Sunday, January 31, 2010
Dear Annie: After 30 years of a turbulent marriage, my ex-wife and I had an amicable divorce. Before the ink was dry, she remarried. I later married a beautiful young woman. My daughter, who is 10 years older than my new wife, became quite upset over this, and our relationship quickly deteriorated.
Eventually, my daughter wrote to say she didn’t know me anymore and already had a dad (meaning my ex’s new husband). My lovely wife is terribly upset because she fears it’s her fault — that she came between my daughter and me. I believe this is the exact reaction my daughter is hoping for — to make my wife feel guilty.
I do not have my daughter’s current address or phone number, although I could probably find it if need be. I am upset about the situation, but if she really no longer wants me in her life, I don’t want to push it. Any advice? C.C.
Dear C.C.: Your daughter is testing you, and although she is behaving selfishly and childishly, please don’t throw in the towel. It will only confirm her worst fear — that you no longer need her in your life because you’ve replaced her with your new, younger wife. If you are on good terms with your ex, please discuss it with her and suggest she help your daughter accept your marriage. Also continue to stay in touch with your daughter and tell her you love her, regardless of her response. Time can heal this if you don’t give up.
Dear Annie: My younger brother is married with three kids. The problem is, he and his wife expect my parents to pick up their kids and spend time with them frequently. They become angry when my parents aren’t able to do this as often as they’d like.
Annie, my parents have 23 grandchildren. For them to spend that kind of time with each of them would be impossible. They always offer to baby-sit when my brother and his wife go out. They never miss a birthday or Christmas. But my sister-in-law says if my parents don’t start being “doting grandparents,” they will be written off.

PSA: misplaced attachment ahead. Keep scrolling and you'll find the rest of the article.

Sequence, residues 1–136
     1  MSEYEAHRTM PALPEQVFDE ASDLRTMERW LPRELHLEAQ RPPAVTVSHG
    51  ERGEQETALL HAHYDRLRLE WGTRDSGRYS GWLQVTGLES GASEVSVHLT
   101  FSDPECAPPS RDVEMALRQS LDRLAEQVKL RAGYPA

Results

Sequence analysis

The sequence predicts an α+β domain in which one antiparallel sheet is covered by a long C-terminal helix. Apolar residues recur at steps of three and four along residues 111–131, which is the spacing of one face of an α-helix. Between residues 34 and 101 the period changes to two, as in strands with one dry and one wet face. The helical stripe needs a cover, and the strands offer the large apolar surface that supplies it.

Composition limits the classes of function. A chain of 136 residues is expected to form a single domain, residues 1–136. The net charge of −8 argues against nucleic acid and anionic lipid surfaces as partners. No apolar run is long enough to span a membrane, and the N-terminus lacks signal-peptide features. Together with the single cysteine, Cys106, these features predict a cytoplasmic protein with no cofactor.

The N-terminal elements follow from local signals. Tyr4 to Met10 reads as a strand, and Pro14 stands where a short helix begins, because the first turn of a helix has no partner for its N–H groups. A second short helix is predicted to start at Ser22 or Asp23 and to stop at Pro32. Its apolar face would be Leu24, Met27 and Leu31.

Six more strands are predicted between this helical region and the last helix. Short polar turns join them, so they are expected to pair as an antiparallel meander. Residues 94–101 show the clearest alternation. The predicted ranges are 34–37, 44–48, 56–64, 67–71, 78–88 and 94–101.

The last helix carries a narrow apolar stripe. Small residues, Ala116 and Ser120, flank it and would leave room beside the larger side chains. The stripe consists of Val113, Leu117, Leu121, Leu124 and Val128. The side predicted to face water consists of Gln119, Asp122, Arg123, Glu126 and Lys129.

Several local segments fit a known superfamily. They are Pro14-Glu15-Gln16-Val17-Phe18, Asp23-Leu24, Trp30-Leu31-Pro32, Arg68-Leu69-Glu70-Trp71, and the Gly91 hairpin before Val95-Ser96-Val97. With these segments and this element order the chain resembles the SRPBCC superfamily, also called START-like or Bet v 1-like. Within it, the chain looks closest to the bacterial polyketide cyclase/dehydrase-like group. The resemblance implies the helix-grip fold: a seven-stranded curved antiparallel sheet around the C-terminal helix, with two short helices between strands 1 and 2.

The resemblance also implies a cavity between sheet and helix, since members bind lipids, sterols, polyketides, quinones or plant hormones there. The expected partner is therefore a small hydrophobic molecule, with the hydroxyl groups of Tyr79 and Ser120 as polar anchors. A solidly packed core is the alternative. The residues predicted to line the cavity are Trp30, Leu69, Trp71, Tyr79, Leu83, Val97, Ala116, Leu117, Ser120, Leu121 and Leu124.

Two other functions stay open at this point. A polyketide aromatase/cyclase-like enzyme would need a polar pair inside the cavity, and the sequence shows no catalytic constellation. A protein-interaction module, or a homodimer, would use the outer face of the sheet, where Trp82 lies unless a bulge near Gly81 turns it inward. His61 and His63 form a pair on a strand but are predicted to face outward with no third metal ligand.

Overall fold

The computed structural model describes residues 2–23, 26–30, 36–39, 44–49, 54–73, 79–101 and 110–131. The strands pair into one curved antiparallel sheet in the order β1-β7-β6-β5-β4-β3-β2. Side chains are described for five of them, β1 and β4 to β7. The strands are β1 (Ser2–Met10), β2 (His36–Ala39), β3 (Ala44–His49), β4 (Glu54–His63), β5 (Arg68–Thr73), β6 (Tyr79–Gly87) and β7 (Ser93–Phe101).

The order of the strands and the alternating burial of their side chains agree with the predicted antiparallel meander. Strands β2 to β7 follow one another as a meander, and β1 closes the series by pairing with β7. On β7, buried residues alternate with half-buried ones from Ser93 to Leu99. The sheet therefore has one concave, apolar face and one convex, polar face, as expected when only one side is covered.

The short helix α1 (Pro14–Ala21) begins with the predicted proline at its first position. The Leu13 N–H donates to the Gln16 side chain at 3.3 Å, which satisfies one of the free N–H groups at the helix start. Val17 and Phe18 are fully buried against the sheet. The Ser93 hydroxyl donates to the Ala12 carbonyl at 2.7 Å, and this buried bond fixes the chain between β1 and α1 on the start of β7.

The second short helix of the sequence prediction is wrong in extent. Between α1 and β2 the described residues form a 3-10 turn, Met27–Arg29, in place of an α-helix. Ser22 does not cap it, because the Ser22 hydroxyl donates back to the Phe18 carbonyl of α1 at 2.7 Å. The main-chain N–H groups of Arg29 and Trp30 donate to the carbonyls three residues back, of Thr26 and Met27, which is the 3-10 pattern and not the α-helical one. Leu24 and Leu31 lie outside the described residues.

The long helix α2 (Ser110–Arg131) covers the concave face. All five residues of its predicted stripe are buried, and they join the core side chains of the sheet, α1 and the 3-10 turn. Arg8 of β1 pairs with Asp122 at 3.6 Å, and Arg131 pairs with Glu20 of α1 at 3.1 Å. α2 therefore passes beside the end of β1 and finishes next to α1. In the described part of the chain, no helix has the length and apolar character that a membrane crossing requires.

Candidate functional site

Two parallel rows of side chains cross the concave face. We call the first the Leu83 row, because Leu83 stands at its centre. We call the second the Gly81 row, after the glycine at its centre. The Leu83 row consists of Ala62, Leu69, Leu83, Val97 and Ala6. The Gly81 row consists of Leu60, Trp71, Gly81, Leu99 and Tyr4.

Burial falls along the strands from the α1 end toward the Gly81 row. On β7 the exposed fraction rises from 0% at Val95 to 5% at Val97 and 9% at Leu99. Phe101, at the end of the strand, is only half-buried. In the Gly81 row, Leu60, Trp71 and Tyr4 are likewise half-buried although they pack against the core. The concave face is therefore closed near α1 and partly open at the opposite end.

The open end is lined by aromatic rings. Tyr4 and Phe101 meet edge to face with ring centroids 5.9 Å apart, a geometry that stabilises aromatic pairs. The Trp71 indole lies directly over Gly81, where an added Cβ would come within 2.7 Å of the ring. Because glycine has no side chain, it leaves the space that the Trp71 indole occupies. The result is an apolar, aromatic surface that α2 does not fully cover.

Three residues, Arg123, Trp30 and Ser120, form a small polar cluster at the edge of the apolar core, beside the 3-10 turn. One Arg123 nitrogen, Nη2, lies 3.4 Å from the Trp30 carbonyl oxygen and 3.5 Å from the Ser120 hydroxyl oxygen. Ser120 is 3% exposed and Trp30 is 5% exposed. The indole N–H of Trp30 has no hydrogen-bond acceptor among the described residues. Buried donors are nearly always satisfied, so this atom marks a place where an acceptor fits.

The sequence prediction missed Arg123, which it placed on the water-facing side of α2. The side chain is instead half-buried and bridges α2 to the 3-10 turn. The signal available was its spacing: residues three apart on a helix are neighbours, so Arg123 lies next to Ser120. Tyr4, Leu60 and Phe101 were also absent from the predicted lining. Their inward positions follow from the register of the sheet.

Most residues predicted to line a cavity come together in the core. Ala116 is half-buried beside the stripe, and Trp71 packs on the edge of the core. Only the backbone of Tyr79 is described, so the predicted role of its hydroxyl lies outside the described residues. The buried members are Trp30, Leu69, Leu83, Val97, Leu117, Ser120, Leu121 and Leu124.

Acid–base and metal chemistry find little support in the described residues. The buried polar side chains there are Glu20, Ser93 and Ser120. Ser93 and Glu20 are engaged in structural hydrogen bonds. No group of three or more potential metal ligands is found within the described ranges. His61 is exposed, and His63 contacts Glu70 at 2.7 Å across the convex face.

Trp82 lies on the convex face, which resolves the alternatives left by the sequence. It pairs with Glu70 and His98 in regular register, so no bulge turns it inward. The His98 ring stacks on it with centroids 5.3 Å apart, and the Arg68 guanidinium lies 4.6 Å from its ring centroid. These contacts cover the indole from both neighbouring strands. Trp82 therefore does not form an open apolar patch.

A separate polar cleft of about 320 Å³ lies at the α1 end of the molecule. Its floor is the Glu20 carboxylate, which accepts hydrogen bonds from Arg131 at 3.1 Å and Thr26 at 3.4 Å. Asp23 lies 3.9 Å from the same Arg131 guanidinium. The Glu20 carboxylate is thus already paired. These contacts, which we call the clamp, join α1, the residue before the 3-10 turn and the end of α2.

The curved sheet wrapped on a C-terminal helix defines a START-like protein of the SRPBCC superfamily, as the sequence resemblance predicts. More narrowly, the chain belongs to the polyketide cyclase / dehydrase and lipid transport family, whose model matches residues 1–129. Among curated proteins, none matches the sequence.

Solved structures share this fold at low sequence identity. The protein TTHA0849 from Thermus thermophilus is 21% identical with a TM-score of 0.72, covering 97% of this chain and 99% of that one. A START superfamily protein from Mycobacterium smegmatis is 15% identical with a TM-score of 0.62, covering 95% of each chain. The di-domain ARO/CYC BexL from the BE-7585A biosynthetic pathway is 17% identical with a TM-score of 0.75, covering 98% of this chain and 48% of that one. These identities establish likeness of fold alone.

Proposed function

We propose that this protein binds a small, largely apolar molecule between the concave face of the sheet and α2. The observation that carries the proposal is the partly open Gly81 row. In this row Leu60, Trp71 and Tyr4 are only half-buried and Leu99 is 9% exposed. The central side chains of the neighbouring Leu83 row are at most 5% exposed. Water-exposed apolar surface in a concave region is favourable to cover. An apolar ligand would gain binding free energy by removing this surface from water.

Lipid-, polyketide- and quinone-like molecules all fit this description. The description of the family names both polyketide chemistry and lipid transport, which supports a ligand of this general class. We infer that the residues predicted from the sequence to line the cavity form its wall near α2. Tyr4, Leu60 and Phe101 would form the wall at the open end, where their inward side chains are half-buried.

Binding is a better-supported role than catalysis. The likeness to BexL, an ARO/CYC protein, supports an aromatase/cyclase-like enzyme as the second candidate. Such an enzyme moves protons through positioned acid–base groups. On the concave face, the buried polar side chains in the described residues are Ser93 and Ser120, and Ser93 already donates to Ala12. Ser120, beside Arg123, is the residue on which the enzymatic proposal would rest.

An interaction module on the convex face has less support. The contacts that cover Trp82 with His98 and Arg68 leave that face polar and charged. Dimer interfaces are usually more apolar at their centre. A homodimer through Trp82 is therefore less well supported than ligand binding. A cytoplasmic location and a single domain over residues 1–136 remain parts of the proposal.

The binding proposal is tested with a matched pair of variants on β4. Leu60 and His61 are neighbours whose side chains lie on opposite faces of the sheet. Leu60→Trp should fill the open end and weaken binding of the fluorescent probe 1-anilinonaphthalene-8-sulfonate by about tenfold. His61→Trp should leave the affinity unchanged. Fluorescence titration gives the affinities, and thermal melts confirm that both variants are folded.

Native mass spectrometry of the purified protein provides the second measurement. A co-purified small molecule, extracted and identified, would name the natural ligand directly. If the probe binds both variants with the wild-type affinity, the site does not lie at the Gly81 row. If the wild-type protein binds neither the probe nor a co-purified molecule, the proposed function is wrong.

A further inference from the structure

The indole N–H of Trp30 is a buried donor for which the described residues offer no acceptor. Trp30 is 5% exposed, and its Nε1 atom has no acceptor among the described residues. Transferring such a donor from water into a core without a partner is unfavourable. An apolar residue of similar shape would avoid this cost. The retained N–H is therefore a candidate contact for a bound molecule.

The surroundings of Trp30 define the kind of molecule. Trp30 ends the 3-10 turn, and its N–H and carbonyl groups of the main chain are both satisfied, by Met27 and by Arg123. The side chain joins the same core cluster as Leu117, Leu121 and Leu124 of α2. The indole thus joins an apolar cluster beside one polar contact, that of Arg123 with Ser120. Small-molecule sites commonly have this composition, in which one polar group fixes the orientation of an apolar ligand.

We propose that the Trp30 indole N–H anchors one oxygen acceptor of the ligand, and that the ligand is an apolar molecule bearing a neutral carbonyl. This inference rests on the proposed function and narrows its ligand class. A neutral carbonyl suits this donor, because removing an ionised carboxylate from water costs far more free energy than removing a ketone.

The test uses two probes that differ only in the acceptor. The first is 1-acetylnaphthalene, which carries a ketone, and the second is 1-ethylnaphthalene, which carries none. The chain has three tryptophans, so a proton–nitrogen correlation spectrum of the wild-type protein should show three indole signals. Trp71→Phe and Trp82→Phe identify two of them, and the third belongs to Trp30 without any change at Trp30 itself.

When we were kids, my grandparents did not spend tons of time with us for the same reasons my parents don’t. My parents are beside themselves because they really do love all of their grandchildren and are fair to each of them. Whatever happened to children respecting their parents? What can we do? Concerned Sister
Dear Concerned: Some parents think the world begins and ends with their children. When your parents say they are busy, or that they need to spend time with the other grandchildren, your brother and his wife become offended and angry. Your siblings who have children might try talking to your brother. Perhaps they can help him understand that he should accept his parents as they are and encourage a closer relationship instead of making threats. Keeping the grandparents away hurts his children, too.
Dear Annie: I think you missed on your response to “Don’t Want To Go,” the sibling whose sisters scheduled a birthday party for their 90-year-old mother in Florida on Christmas Eve.
It is unreasonable to expect other families to put aside their holiday plans and spend thousands to travel at the most expensive time of the year. It is true that they are missing an opportunity for a great family time, and who knows how many more birthdays Mom may have, but these arguments raise feelings of guilt by which we are all manipulated into doing things we really should not. The sibling has a right to say, “Go ahead without me. I will make it up to you later, Mom,” and send a nice card and a gift, and then call. Those sisters should understand. M.K.
Dear M.K.: We agree it is an imposition, and if it’s impossible to arrange, so be it. But sometimes these things are worth the effort. They may not be able to make it up to Mom “later.”
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